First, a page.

No denying about the good work of Golden State’s management in dealing with Durant’s situation. They received a talented asset in Russell’s face in the sign-and-trade with Brooklyn. The player averaged 21.1 points per game as a 22-year-old last season, and he also averaged career highs in nearly every statistical category on top of that. De’Angelo couldn’t handle running the show with Los Angeles in 2016-17. He was too young and handled badly some locker-room situations with his then-teammates. He started afresh with Nets though and slowly but steadily rebuilt his self-confidence and reputation as a young prospect around the league. The Nets weren’t world beaters by any means, which was totally expected with the young roster they had. They were 19th in offensive rating, with a 42–40 record. Russell deserves a big share of credit for their 14-win improvement though. So he’s an unquestioned asset for the reigning Western Conference champs. But can he keep the Warriors in the Finals conversation as the third-best player on the roster behind Curry and Draymond (before Klay’s return in action)?

It’s very interesting to see how Steve Kerr will implement Russell in his preferred schemes of screens and fast ball movement. At first De’Angelo appears to be a natural fit. Brooklyn finished 11th in pace last year and Golden State were ranked 10th. The Warriors were 3rd in threes made while the Nets were 5th, and both teams finished in the top eight in three-point attempted frequency. Russell will be free to run and gun with the Warriors, as much as he wants. Of course, Klay Thompson is in another class from the 3, but the lad will do much to help the Warriors to continue bury teams via long-range shooting.



When it comes to ball-handling, Russell carried a hefty share of Brooklyn’s offense last season with a 31.9 % usage rate, 6th highest in the league. LeBron James’ usage rate fall a tick below at 31.6%. Steph Curry posted a 30.4% usage rate alongside Kevin Durant last season and he can well boost this percentage this season. It remains to be seen how well both players will live together on the court, but Russell can’t realistically expect to be Kerr’s go-to balling guy before Steph, except in certain type of scenarios. De’Angelo was also among the highest volume pick-and-roll creators in basketball last season. Only Kemba Walker logged more possessions in this category, and only Walker and Damian Lillard scored more points in pick-and-roll’s. Russell ran pick-and-roll on 49.9% of his possessions last season but will surely need to cut down this percentage a lot this season, as it’s just not in Golden State’s philosophy.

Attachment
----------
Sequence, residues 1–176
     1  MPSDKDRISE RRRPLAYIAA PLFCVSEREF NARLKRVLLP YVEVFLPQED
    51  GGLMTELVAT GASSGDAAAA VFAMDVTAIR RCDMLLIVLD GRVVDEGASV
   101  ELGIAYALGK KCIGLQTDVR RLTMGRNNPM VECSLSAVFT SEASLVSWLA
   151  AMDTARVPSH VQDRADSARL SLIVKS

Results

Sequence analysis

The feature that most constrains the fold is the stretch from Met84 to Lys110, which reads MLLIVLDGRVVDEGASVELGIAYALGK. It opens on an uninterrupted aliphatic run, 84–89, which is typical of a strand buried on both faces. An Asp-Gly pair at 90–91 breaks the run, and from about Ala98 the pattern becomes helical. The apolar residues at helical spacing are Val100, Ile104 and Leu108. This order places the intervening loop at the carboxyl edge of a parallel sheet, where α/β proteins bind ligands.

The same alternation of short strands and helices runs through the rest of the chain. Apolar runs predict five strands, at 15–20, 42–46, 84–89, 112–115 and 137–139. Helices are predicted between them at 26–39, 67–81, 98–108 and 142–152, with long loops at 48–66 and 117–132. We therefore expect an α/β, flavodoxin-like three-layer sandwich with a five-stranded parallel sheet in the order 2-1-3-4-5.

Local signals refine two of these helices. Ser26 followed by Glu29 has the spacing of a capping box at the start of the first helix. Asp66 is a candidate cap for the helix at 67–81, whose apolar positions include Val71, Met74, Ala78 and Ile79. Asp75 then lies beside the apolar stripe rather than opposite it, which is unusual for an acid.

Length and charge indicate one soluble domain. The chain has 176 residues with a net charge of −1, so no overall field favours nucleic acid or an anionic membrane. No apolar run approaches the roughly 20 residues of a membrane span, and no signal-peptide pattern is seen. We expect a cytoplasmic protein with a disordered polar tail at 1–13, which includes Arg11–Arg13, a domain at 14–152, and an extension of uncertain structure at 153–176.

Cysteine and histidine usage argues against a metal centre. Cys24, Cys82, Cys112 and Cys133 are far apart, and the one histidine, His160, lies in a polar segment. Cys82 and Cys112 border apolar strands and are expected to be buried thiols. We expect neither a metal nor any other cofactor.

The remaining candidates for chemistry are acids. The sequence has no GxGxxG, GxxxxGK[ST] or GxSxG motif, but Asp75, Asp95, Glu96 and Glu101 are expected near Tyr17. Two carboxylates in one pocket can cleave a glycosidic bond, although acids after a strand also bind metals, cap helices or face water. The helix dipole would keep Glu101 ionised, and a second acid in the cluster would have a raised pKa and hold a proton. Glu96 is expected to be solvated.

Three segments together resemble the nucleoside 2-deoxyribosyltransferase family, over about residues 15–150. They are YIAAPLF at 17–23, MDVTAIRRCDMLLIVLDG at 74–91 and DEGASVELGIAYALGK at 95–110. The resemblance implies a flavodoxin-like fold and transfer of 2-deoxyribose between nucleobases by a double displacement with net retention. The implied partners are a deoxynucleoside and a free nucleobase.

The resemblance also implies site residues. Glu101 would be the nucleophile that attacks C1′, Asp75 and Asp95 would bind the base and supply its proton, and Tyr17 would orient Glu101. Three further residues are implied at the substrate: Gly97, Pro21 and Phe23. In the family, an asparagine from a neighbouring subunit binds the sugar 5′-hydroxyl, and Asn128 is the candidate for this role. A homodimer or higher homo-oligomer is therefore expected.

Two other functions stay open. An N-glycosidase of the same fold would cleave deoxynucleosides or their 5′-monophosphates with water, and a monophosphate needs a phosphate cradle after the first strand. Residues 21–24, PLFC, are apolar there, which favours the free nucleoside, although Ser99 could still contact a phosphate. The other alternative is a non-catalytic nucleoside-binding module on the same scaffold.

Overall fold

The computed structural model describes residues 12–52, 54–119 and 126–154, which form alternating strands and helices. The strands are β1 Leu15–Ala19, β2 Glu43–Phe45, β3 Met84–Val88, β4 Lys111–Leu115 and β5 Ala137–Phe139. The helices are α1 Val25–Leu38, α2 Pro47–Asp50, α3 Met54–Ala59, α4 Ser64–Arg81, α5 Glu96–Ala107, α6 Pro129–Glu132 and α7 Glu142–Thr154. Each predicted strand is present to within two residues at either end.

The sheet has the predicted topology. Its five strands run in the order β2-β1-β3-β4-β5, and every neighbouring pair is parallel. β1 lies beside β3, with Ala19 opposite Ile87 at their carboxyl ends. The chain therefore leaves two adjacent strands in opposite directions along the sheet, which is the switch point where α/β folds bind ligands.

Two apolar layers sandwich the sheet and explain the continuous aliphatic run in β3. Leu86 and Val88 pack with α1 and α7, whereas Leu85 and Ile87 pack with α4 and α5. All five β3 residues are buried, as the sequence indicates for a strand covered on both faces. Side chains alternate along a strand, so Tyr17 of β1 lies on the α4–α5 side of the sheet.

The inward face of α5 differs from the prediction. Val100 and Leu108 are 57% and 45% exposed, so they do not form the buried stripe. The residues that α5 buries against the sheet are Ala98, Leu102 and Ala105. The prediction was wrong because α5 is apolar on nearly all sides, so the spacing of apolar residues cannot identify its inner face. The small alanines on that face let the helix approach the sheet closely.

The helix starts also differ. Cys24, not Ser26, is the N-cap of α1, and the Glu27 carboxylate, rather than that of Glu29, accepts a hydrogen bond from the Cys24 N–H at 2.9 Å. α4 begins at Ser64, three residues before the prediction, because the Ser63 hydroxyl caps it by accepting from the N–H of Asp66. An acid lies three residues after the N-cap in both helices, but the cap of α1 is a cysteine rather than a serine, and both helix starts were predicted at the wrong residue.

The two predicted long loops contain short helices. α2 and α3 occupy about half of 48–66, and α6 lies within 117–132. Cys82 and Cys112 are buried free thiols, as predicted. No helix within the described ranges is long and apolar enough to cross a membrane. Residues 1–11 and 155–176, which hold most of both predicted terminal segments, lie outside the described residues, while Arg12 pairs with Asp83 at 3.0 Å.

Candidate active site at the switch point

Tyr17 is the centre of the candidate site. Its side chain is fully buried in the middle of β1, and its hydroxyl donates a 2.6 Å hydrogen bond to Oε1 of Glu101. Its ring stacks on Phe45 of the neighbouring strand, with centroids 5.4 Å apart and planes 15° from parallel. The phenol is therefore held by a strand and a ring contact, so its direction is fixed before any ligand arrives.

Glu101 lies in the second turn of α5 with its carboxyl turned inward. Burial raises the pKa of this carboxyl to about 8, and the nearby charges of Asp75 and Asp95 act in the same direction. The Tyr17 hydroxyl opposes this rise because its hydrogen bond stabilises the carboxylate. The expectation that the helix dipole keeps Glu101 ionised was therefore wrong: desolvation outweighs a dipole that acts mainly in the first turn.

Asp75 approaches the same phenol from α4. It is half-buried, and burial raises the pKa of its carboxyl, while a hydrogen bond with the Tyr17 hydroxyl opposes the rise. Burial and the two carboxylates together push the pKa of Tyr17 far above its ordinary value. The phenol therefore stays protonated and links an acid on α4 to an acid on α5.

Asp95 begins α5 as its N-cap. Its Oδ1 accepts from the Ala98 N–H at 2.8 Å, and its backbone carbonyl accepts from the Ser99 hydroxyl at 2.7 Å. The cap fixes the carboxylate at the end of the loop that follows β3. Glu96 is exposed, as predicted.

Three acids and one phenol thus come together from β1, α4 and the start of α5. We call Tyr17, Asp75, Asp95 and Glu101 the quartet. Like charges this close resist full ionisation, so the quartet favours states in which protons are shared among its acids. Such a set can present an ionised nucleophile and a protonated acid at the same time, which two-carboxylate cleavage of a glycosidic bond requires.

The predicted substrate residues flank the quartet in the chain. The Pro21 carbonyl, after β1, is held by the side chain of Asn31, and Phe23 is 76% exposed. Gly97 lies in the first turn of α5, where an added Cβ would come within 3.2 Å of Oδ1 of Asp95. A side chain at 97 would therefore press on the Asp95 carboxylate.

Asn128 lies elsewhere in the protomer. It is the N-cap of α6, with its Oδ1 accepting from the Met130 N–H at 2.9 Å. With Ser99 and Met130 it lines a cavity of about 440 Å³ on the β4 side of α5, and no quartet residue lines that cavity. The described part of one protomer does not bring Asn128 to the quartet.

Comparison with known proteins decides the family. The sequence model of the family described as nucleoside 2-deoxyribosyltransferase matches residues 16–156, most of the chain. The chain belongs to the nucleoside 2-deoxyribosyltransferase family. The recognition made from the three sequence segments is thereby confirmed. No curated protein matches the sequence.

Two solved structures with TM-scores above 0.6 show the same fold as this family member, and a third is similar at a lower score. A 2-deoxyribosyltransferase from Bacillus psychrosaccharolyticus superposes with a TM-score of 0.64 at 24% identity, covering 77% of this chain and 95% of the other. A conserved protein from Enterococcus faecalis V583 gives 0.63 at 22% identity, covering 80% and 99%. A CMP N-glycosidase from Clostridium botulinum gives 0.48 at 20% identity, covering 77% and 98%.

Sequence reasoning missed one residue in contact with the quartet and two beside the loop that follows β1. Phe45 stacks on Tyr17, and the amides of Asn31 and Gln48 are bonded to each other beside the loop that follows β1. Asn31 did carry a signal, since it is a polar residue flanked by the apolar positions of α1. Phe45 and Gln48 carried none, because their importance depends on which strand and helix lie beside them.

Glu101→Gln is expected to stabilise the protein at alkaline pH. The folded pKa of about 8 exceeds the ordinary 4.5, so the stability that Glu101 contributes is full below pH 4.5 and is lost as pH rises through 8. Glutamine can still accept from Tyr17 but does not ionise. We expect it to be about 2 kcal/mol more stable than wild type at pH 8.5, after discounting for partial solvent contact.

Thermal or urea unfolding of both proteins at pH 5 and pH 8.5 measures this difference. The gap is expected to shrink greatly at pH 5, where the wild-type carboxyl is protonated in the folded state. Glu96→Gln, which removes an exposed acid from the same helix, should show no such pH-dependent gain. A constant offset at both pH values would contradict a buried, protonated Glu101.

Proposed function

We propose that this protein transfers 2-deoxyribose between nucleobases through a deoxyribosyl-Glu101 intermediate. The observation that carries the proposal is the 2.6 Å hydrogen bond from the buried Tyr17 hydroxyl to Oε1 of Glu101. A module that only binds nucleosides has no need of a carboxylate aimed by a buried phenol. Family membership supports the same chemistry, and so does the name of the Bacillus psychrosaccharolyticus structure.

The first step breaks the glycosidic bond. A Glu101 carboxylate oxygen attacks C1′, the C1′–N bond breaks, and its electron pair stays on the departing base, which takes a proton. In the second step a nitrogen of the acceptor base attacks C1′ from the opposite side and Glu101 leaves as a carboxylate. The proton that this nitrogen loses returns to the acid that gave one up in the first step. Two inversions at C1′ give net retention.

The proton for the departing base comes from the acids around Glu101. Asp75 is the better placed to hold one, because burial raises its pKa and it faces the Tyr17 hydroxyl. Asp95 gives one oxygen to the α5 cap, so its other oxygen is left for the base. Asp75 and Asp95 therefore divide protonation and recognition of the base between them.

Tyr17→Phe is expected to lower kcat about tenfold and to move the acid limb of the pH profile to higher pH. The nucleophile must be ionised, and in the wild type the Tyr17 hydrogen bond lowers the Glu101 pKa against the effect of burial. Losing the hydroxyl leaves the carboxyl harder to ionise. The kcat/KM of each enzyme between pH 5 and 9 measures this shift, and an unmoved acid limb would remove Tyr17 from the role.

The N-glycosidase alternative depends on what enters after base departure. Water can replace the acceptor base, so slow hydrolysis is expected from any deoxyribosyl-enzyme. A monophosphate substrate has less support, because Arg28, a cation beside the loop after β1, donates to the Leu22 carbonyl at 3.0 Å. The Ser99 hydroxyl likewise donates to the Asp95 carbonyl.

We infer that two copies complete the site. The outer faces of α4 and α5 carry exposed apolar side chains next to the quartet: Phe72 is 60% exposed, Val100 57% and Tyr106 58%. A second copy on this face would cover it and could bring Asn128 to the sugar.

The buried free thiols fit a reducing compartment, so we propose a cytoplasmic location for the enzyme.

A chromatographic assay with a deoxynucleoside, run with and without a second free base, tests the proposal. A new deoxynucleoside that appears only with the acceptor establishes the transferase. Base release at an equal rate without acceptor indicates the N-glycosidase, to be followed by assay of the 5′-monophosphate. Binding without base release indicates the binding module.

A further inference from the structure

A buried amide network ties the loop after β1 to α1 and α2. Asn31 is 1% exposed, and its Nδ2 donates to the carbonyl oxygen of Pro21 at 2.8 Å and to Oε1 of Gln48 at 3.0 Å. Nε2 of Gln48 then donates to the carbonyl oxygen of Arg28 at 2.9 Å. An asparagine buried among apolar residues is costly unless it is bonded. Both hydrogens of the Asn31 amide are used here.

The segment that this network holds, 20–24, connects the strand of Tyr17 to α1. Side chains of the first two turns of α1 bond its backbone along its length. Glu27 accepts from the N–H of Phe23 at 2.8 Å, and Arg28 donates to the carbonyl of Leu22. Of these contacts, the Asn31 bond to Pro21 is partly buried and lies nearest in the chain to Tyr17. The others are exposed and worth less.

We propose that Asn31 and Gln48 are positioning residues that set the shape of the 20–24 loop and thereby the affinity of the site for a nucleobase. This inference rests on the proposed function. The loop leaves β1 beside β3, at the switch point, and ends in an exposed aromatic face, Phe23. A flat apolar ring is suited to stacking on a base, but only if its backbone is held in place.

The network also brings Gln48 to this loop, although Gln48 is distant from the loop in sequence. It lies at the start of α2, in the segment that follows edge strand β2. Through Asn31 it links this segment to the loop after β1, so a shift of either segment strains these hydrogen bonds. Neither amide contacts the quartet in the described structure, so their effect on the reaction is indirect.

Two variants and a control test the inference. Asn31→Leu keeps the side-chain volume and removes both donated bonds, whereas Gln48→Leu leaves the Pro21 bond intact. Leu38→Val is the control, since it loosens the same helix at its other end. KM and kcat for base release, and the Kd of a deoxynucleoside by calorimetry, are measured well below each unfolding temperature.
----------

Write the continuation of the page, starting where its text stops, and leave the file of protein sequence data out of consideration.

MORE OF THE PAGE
One very probable possibility is Kerr to use Russell mainly as a scoring and floor leader for the second unit, at least in the beginning of the season. He could save the undermanned second unit, left a tad bare without the long-standing veterans Andre Iguodala and Shaun Livingston.  He pulled the Nets to the playoffs without players like Curry or Green last season. Trusting him to lead Warriors’ second unit is an easy decision and more than many other NBA teams can offer. Curry and Green should be enough to earn a playoff spot alone, why not fighting even for the 4th or 5th place in the West. Adding Russell and the possible return of Klay in March and the things get way rosier for the Warriors nation.  On the other hand, a healthy Klay on roster will most certainly mean reduced minutes for Russell. This won’t be the end of the world for him though. Russell is at his best as an eruption scorer. Just like his former Lakers teammate Lou Williams, a 5 or 10-minute stretch of scoring from Russell can swing any given game.

De’Angelo Russell has a fair 117 million USD deal and a legitimate chance at a deep play-off run. Perhaps he won’t be in Golden State through his full contract. It’s too early to think of that right now though. For the time being one can’t look at NBA Outright market and help thinking that these odds in the region of 12s and 13s for Golden State to pull a surprise and overturn the expected LA dominance in the league, are a shade on the bigger side. Of course, another course of action would be to take some position on the back side, and trade out of it for a profit just before the play-offs (in case of a regular season for GSW) or after the first round.

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Team USA failed miserably in FIBA World Cup in China. The second-tier of NBA stars played Poland yesterday for the chance to finish in 7th place in the tournament. This low placing, regardless of the outcome against the Poles, comes after a disastrous 48-hour stretch. The Americans suffered back-to-back losses to both France in the quarterfinals and then Serbia in the consolation bracket for the 5th place. Anyway, Team USA has achieved their worst finish in a major international competition since 1992, when NBA players began participating.